“Was there no injustice in this? Am I to be thought the only criminal, when all of human kind sinned against me? “(273) When Frankenstein’s monster asks this question of Robert Walton in the final dialogue of Mary Shelley’s novel Frankenstein, he displays the complete transformation of his views on society, justice, and injustice since his creation and initial introduction into the world.
The monster’s first experience of the world, as he describes it to Frankenstein during their cave meeting, was one of awe and beauty.
He narrates his first experience of nature, recalling, “a gentle light stole over the heavens, and gave me a sensation of pleasure. I started up, and beheld a radiant form rise from among the trees. I gazed with a kind of wonder. ” (118) The monster views humans with this same kind of wonder and respect, and desires to be accepted by them, despite his hideous appearance.
However, through a series of rejections from his creator and other humans that he has felt a close relationship to, the monster comes to view the world as a place of evil and becomes obsessed with gaining justice for the sins committed against him, even if involves the death of innocents.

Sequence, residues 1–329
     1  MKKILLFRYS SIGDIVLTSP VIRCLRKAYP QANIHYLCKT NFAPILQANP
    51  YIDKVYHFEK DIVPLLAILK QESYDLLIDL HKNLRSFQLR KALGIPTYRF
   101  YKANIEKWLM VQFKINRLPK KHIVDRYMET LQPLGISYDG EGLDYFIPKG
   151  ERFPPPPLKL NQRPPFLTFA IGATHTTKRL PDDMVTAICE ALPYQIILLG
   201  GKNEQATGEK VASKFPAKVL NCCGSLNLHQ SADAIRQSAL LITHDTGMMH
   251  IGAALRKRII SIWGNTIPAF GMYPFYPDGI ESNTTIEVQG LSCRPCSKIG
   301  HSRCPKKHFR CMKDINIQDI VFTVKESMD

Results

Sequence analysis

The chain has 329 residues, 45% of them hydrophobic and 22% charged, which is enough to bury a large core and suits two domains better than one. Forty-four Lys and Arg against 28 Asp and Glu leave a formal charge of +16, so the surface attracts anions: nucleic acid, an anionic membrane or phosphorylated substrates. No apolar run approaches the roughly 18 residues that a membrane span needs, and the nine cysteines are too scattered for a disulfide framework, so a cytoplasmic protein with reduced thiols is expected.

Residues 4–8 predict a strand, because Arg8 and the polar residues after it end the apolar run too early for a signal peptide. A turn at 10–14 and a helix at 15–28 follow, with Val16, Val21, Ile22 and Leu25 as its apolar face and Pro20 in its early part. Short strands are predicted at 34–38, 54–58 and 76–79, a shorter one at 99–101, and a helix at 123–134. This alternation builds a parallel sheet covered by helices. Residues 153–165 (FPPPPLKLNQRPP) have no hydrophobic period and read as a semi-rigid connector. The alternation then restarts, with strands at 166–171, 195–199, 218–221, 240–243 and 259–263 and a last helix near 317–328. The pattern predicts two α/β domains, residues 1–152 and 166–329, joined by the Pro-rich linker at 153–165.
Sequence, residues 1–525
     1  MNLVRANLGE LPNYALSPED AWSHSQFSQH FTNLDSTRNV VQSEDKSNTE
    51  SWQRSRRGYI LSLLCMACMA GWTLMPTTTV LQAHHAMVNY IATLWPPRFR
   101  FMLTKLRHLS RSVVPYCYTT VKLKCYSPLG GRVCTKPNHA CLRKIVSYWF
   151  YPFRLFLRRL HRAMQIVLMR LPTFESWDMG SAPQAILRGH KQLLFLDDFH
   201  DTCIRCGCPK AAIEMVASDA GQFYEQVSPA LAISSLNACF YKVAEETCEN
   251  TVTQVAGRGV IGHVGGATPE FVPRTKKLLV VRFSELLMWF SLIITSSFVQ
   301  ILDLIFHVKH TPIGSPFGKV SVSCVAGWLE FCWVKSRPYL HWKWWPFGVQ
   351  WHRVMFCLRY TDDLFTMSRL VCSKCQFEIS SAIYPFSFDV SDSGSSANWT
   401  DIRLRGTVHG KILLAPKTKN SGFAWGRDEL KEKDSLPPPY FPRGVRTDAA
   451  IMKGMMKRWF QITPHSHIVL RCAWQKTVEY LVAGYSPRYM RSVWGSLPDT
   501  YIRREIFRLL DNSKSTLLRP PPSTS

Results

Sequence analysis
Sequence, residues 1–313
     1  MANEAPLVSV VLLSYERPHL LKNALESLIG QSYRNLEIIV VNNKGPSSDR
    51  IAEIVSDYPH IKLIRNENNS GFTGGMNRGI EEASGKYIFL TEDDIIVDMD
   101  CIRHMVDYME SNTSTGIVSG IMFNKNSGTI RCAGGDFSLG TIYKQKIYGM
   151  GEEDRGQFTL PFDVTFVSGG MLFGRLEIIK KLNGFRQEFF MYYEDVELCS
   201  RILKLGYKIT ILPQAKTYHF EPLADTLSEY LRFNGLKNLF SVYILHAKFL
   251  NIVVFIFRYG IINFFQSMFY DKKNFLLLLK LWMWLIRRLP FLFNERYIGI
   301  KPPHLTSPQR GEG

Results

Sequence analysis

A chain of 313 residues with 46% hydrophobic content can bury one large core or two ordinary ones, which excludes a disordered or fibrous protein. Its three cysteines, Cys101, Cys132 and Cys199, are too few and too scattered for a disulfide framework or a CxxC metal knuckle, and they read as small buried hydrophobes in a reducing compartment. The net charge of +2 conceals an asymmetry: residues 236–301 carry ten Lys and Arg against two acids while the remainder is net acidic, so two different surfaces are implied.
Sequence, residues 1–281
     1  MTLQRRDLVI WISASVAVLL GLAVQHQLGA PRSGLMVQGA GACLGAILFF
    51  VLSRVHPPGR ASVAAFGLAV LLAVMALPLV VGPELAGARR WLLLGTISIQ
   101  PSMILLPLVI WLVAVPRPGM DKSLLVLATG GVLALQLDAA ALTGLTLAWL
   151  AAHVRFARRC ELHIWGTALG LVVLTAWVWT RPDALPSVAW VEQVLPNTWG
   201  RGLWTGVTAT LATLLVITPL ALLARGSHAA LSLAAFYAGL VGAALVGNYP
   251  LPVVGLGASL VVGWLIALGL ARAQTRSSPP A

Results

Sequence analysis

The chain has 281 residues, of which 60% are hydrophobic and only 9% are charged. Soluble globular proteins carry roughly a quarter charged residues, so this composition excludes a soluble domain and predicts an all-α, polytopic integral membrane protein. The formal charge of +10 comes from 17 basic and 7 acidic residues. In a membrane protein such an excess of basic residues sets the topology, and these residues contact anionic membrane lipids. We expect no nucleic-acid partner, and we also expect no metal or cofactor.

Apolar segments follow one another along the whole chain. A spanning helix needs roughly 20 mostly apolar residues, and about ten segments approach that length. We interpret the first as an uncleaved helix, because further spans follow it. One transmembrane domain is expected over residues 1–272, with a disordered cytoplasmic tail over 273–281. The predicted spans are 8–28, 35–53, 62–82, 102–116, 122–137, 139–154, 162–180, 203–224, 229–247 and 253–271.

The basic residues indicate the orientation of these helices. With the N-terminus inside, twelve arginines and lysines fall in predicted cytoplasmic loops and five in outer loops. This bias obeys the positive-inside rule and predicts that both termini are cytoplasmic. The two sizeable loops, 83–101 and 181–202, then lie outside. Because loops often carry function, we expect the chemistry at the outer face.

The creature quickly learns that the beautiful, fair world he had so wished to believe in cannot exist, especially for someone as appalling as he.
Even though the monster’s first ventures into human civilization are met with rejection and horror, he persists in the belief that he might someday be accepted by the same people that scream in terror at his approach.
The definition of justice is, to the creature at this point, acceptance. He was created into this world, so it seems only fair to him that he receive a rightful place in it alongside his human counterparts. This becomes a reality for the monster through his encounters with the De Lacey family.
While he does not have a complete understanding of the make-up of a family, the monster senses the care and love that the three people have for each other, and desires to share in this closeness. The monster becomes a secret member of the family, observing the habits of Felix, Agatha, and old man De Lacey. For the first time in his short life, the creature feels that he has found his place in the world, his justice. He finds great pleasure with his current residence in the hovel besides the shack, stating, “It was indeed a paradise, compared to the bleak forest, my former residence, the raindropping branches, and dank earth.